Q: A friend surprised me with a book as a gift. As it happened, I already owned a copy of that book, and had read and enjoyed it.
This book was not a best-seller — far from it — and my friend could not have expected that. So I laughed at the coincidence and told him the whole truth.
He looked a little chagrined, so I did my best to soften the blow. I praised the gift lavishly — it really was an excellent book — and I praised him for knowing the exact kind of book I would like. But I didn’t see any point in owning two copies, so I didn’t take it. (“Refused” sounds like such a harsh word!) I left it with him (we were at his house at the time) and recommended he keep it and read it himself, or give it to someone else.
By the way, it was not my birthday or any other special occasion. I wasn’t expecting a gift at all. I think he just happened to run across a book that was “right up my alley,” so to speak, and decided to buy it for me.
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Looking back on it, I wonder if I should have accepted the book. What do you say?
A: That you won’t be receiving more gifts from this gentleman any time soon.
Yes, Miss Manners confirms your better instinct, that you should have accepted the book. The “whole truth” in reaction to receiving a gift is rarely necessary. The polite thing to do would have been to thank him profusely for his thoughtfulness, say that you know about how good the book is, and then change the subject.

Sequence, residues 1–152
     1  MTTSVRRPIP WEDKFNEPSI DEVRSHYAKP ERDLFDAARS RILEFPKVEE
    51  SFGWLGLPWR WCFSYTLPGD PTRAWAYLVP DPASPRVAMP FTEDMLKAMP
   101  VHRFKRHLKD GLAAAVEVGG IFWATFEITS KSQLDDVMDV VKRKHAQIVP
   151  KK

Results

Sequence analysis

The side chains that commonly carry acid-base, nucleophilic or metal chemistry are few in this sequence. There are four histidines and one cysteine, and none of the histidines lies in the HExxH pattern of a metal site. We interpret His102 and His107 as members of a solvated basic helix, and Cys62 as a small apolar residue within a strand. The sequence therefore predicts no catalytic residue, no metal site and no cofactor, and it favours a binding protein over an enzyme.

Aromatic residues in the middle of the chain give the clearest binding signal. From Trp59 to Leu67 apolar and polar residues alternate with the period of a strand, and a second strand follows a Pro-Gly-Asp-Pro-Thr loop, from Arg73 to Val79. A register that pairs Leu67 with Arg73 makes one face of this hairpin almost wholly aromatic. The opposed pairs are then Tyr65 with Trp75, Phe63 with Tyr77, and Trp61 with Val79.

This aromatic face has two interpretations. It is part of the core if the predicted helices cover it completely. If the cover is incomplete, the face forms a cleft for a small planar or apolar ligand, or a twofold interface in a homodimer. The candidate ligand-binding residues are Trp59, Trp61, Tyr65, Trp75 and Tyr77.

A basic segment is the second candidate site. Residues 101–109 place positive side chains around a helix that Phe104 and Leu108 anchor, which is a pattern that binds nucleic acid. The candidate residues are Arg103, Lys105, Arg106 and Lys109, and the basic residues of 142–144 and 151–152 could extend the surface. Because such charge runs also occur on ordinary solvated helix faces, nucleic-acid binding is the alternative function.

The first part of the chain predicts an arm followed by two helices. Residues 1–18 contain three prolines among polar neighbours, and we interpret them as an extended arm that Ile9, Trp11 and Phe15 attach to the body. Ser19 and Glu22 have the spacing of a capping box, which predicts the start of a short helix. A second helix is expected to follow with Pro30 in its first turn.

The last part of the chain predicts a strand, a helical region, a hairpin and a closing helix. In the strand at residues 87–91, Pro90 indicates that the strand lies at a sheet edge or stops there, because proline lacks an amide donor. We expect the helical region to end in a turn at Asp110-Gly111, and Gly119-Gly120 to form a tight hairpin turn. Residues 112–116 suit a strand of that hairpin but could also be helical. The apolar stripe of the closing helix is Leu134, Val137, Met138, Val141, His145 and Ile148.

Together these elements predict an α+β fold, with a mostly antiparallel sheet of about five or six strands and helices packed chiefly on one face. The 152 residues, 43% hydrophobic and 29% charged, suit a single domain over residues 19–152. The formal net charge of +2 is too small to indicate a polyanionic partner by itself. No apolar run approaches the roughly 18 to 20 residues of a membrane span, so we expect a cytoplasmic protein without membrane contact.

If he directly asks you if you have read it, then you can confess, but even then, you needn’t confess voluntarily to owning a copy. As he did not ask, it is up to your discretion to figure out what to do with the second copy, not his.
Q: When the party for my seventh birthday was planned, my mother cautioned me that since I had not invited everyone in my class, I was not to discuss the party at school. I could see the sense of this.
Now that I’m an adult, however, two different friends have regaled me with plans for future events with no invitation offered.
I have two questions — is my mother’s instruction now outdated? And how should I behave if this happens again?
A: Your mother’s instruction is certainly not outdated — nor is the impeccable child-rearing she did. Miss Manners commends you both.
If your friends tell you about events to which you are not invited, you may say, “That sounds like fun. I hope your guests enjoy it.”
Sadly, this lesson has been lost on the generation that posts their parties on social media and then wonders why their friends get insulted. Clearly they do not have mothers as wise as yours.
Judith Martin writes the Miss Manners column with help from her son, Nicholas Ivor Martin, and her daughter, Jacobina Martin. Send your questions to Miss Manners at her website, MissManners.com; or through postal mail to Miss Manners, Universal Uclick, 1130 Walnut St., Kansas City, MO 64106.